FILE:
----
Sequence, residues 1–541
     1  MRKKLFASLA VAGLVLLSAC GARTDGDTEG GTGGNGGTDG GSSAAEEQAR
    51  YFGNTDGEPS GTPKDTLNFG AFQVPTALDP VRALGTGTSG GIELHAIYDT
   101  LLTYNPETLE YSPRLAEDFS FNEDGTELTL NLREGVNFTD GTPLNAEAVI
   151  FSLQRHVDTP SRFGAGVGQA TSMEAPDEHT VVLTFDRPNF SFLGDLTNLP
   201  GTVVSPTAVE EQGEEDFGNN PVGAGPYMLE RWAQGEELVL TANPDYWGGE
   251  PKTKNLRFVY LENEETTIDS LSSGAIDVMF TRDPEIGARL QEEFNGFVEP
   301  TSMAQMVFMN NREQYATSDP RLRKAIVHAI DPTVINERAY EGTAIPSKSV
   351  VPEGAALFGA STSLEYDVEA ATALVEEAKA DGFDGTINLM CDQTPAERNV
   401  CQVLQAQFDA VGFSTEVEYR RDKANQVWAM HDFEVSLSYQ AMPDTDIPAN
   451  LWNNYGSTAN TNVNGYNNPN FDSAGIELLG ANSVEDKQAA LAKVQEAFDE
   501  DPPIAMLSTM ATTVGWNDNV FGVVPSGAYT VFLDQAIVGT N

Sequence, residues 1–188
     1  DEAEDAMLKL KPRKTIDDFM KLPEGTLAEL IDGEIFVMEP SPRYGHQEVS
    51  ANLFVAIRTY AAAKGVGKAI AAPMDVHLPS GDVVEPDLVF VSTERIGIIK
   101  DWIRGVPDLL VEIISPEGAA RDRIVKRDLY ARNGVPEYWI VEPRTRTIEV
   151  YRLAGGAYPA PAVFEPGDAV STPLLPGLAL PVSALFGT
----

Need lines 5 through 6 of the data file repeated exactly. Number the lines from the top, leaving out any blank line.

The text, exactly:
   151  FSLQRHVDTP SRFGAGVGQA TSMEAPDEHT VVLTFDRPNF SFLGDLTNLP
   201  GTVVSPTAVE EQGEEDFGNN PVGAGPYMLE RWAQGEELVL TANPDYWGGE